Communion is a new-covenant feast. How does the body and blood of the Christ create a covenant between heaven and earth?
If your church celebrates the Lord’s Supper, you’ll be familiar with this:
1 Corinthians 11:23–26 (NIV) 23 For I received from the Lord what I also passed on to you: The Lord Jesus, on the night he was betrayed, took bread, 24 and when he had given thanks, he broke it and said, “This is my body, which is for you; do this in remembrance of me.” 25 In the same way, after supper he took the cup, saying, “This cup is the new covenant in my blood; do this, whenever you drink it, in remembrance of me.” 26 For whenever you eat this bread and drink this cup, you proclaim the Lord’s death until he comes.
We hear this so often we may not see how counter-cultural it is. When we celebrate our Lord, we’re proclaiming the king who gave his life to re-establish the covenant relationship between heaven and earth.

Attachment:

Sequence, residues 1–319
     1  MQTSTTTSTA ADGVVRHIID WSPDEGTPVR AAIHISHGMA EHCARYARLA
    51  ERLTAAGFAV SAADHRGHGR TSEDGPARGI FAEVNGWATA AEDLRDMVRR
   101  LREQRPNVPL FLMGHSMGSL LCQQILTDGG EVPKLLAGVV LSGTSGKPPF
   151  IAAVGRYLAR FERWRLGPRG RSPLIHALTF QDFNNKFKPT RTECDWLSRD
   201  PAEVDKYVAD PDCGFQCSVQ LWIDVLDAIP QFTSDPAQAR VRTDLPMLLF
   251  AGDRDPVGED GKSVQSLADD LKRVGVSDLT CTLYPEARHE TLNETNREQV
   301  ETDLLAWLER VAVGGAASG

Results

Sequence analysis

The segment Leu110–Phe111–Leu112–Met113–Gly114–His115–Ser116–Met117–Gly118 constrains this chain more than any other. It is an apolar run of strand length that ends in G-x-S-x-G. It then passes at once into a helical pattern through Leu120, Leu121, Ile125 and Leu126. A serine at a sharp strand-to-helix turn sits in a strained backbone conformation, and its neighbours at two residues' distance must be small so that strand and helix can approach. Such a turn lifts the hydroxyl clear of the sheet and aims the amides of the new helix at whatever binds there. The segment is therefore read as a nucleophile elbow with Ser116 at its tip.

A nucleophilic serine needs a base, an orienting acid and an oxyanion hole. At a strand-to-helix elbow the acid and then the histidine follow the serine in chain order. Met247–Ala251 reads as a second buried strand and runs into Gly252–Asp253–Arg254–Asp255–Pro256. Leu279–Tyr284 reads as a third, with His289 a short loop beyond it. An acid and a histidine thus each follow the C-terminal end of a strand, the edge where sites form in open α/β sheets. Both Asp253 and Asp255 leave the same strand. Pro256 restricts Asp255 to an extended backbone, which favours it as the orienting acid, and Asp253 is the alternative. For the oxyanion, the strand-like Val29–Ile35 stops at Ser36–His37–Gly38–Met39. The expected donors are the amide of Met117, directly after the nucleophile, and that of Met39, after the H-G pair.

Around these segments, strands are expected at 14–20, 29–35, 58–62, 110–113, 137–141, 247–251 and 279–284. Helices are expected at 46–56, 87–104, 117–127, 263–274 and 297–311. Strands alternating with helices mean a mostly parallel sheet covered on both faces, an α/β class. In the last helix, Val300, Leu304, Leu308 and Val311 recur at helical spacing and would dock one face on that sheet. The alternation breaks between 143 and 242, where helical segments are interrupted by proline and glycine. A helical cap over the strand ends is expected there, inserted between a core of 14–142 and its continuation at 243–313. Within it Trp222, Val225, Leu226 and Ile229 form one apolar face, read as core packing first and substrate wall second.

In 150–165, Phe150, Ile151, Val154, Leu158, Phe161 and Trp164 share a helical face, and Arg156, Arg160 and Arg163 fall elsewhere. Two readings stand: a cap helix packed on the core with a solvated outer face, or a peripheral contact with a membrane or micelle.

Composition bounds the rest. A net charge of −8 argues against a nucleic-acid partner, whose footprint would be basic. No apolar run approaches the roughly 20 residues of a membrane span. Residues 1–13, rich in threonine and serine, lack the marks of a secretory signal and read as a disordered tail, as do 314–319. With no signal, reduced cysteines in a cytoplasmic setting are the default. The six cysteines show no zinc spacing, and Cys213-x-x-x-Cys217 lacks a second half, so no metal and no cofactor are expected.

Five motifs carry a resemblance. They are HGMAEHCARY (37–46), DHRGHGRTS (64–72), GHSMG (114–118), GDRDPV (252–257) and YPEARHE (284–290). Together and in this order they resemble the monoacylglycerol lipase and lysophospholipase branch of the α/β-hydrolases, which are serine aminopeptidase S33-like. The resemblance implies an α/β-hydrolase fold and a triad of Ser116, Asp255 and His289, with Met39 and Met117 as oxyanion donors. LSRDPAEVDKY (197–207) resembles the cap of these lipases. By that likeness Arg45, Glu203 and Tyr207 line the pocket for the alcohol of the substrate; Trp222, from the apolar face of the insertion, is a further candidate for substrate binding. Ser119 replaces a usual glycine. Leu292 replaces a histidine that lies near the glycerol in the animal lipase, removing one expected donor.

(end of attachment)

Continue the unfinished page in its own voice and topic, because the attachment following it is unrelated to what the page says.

Those verses begin and end by proclaiming Jesus as kyrios — Lord. A kyrios in Greek culture was a master or a ruler. The head of a business was the kyrios: the master, the lord of the business. The head of the Empire was a kyrios: Caesar expected you to call him your lord.
But if you saw a convicted criminal hanging on a cross beside the road, you would not normally call him kyrios. The crowd would be more likely to call him Loser than Lord.
Seeing no alternative, Peter disowned his king. Jesus never gave up on him.
Why did Peter deny Jesus? Was he just sitting at the wrong fire, in a crowd where he didn’t have the gumption to admit he was Jesus’ follower? That isn’t how this story works in Matthew’s Gospel.